Indian Ocean HRA
No incidents reported in the High Risk Area during the reporting period.
The tactical situation across the Indian Ocean High Risk Area (HRA) remains low in terms of the threat of piracy. Recent efforts to improve the security environment will reduce the impact of Somali piracy, however, continuing deterioration of onshore conditions in Somalia and Yemen such as famine, terrorist groups, a weak central government and poor governance of coastal areas continue to influence piracy in the region. Pirate financiers capitalise on the chaos offering opportunities to local people. Piracy groups operating from Somalia still bear the motivation to try and carry out attacks and still possess the capability to target merchant vessels.
Increasingly, vessels in the HRA are subjected to incidents that appear to be co-ordinated small boat piracy approaches however they choose not to ultimately attack. These incidents are then difficult to classify as attempted piracy or simply as regional patterns of life in the area. The increased presence of naval patrols and armed security on board vessels act as a deterrent to the threat of piracy, however those vessels transiting in the area without the presence of armed security remain a significant risk.
The current assessment is that piracy attacks will remain sporadic and at a low level.
Reported Incidents HRA
No incidents to report during the reporting period (UKMTO)
U.S. Secretary of State Michael Pompeo argued for continued U.S. support for the Saudi-led coalition in Yemen:
Pompeo, responding to proposed legislation on ending U.S. support for the Saudi-led coalition, asserted that a yes vote on the bill would hurt U.S. regional interests and leave Iran in a stronger position in Yemen. Pompeo and U.S. Secretary of Defence James Mattis briefed the U.S. Senate in a classified setting on U.S. policy in Saudi Arabia and Yemen on the 28th November.
Hope’s rise of an end to deadlock in Yemen as Houthi’s agree to pursue talks with the UN:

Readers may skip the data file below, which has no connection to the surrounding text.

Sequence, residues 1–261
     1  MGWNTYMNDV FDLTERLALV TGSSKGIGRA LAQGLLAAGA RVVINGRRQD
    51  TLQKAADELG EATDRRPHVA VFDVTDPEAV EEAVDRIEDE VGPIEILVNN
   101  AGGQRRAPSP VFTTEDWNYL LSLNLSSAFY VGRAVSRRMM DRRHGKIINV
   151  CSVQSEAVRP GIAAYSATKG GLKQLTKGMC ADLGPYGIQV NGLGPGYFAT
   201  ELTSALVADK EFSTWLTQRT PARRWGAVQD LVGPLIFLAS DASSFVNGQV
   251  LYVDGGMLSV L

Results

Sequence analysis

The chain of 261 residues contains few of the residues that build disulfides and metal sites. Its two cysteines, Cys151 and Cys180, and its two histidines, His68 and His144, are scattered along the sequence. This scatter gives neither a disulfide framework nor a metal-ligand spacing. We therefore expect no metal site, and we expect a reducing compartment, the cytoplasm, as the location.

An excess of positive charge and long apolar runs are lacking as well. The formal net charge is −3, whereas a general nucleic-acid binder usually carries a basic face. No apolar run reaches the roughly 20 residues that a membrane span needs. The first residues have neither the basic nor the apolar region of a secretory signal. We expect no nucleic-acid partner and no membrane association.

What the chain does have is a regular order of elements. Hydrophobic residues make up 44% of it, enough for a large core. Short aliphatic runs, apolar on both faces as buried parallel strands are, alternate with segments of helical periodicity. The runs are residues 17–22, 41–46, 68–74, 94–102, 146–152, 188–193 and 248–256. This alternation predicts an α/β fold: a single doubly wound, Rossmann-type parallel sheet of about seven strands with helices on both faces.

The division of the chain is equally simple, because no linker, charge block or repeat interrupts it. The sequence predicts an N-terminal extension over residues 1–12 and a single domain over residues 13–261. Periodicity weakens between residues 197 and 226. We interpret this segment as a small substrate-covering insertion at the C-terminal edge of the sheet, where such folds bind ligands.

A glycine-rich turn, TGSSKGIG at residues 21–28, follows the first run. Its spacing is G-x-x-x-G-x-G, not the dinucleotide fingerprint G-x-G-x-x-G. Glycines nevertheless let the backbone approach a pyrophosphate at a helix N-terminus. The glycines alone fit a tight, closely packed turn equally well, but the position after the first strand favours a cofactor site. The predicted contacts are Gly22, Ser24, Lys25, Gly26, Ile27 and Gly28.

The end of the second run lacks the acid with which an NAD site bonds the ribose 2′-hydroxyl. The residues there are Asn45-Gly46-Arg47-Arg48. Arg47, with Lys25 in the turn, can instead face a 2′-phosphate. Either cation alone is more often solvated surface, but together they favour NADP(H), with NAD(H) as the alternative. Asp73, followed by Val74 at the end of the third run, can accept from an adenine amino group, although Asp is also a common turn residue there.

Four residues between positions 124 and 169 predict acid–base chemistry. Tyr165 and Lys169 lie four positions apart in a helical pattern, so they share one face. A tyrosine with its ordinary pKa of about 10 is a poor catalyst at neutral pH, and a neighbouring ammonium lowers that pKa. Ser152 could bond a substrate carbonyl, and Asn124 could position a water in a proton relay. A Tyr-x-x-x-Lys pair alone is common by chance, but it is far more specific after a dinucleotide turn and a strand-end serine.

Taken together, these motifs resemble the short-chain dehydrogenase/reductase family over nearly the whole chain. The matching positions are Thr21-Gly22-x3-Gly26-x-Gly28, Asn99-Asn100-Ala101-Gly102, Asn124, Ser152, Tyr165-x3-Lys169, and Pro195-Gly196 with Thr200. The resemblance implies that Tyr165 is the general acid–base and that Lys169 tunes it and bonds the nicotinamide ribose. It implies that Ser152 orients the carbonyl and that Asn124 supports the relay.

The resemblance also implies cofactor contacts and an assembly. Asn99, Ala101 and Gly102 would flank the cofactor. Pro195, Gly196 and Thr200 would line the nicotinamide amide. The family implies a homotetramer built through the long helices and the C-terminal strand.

The United Nations has been trying to revive peace talks between the Houthi rebels and the Saudi-backed government in Yemen. A UN plan to organise talks in Geneva in September was abandoned after the Houthi’s said they were prevented from leaving the country. Peace talks aimed at resolving Yemen’s crisis are expected to take place in Sweden in early December.
Operations at Yemen’s lifeline port of Hodeidah have dropped by almost 50 percent over the last two weeks:
Around 70% percent of imports into Yemen arrive through Hodeidah. However, shipping companies have been deterred by insecurity in the flash-point Houthi-held city according to the United Nations. The drop in the arrival of wheat and other supplies has affected food stocks in Yemen.
U.S. and Somali forces increase pressure on Al-Shabaab in north-central Somalia:
- Hundreds of Ethiopian troops entered Guriel town, Galmudug region to support Galmudug security forces upcoming operations
- Galmudug security forces began operations against Al-Shabaab around Guriel
- United States Africa Command conducted five airstrikes on Al-Shabaab positions in Mudug region
- Al-Shabaab conducted a complex attack on Sufi Sheikh’s compound in Galkayo, the capital of Mudug region
*Locations are approximate
Until the deep rooted issue of piracy in Somalia is resolved, piracy will continue to be a threat. In recent times Somalia has suffered some of the worst famines in 40 years, this coupled with the struggling government and extreme militant violence has brought millions of people into crisis. Pirate financiers capitalise on the chaos offering opportunities to local people. Somalia has the second-longest coastline in Africa which is largely unregulated. Pirate groups are known to operate in the coastal regions of Puntland namely Eyl and further south in Galmudug namely Hobyo. It is needless to say, as instability in Somalia continues, it will serve as a permissive environment for piracy operations and an ongoing threat to shipping in the region.